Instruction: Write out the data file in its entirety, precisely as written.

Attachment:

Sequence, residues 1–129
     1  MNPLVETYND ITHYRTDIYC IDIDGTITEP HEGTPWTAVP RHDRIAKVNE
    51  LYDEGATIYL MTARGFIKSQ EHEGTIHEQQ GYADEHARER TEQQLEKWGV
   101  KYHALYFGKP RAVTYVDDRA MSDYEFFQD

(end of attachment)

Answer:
Sequence, residues 1–129
     1  MNPLVETYND ITHYRTDIYC IDIDGTITEP HEGTPWTAVP RHDRIAKVNE
    51  LYDEGATIYL MTARGFIKSQ EHEGTIHEQQ GYADEHARER TEQQLEKWGV
   101  KYHALYFGKP RAVTYVDDRA MSDYEFFQD